Roasting chestnuts is a traditional way to cook them which intensifies the sweet flavour with a hint of smokiness. Shells are slit to prevent explosions and the chestnuts are cooked in the oven, on the stovetop, under a grill, on a BBQ or (if you really want to be traditional) on a shovel in the embers of a fire until the shell splits open at the cut, or you see steam or hear them hissing. The only problem is shelling the chestnuts, especially if you are roasting a large batch. Successful shelling requires the chestnuts to stay warm.
When collecting chestnuts I cannot resist peeling the shell and eating a few raw, the papery skin still intact. I hit upon this idea when roasting a batch of garlic bulbs. Why not de-shell the chestnuts and then roast them? Hot from the oven the skins are crisp and the chestnuts soft. Coated with your favourite sweet or savoury spices they make great snacks. The papery skin is not that great for sweet chestnut recipes, but in a chestnut loaf , burger, risotto or stuffing mix its hardly noticeable. It has become my preferred method for roasting chestnuts to use in savoury recipes so I’d though I’d quickly share it with you. The traditional method of roasting chestnuts reserved for winter evening treats with friends and family.
You don’t need any specialist equipment, just a sharp knife – you do need to be very confident with a knife and be very, very careful; a roasting dish; tin foil and vegetable oil. Choose chestnuts which are large heavy dark brown with smooth glossy shells. If you have collected your own “wild” chestnuts discard any with mould, splits in outer shell or tiny holes and hang them in a netted bag in a cool dry place for a couple of days.
So here’s what you do
Pre heat the oven to 200C / 392F. Whilst the oven is warming, prepare your chestnuts.
As I’ve already said, you need to be very confident with a knife and be very, very careful. Never hold chestnuts in the palm of your hand and always use flat surface such as a chopping board.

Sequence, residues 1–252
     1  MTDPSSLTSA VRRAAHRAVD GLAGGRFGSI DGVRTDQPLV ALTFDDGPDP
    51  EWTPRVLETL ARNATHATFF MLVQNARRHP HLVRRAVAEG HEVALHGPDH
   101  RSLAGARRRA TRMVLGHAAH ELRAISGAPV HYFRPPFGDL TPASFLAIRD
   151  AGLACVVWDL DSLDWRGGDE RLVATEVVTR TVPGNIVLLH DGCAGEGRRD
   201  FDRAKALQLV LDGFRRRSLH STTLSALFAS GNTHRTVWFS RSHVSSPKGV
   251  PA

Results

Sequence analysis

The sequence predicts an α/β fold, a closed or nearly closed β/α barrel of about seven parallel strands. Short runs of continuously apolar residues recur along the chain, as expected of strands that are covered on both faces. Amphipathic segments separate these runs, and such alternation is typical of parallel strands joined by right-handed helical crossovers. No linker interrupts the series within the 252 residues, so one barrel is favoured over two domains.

Make a slit in the bottom of the shell along the flattened surface. Continue to cut carefully along the flatted surface to the top of the shell and peel back the shell to reveal the chestnut. Remove the rest of the shell.
Discard any nuts which are rotten. It is not worth cutting off the rotten parts as it tends to affect the whole nut making it mealy in texture – as you can see in the photo on the right.
Before long you should have a quantity of shelled chestnuts and a substantial amount of shells.
Transfer the peeled chestnuts into a roasting dish and evenly coat the nuts with an unflavoured or very mild-flavoured vegetable oil (not olive oil). Cover the dish with tin foil and seal around the edges. Place the tray on the middle shelf of your oven and roast for twenty minutes.
After twenty minutes remove chestnuts from the oven and carefully remove the tin foil allowing the steam to escape away from you before removing the foil completely. Your chestnuts are done. The skins will be crispy and turned a darker brown, the centres will be soft and tender.
You can serve them almost immediately as nibbles or a snack, sprinkle them with your favourite sweet or savoury spices prior to serving or allow them to cool and use them in your savoury chestnut recipes.
You can also freeze them for later use. Spread them on a tray, place in the freezer and when frozen transfer them in bags removing as much air as possible to prevent freezer burn or if you have a vacuum sealer, vacuum seal your frozen chestnuts. Don’t forget to return the chestnuts to your freezer!
If you try this alternative method to oven-roasted chestnuts I’d love to hear from you. Oh, and I will be adding a post for oven-roasted garlic shortly … when I make my next batch that is. Interested? Why not follow me and get new posts direct to your email?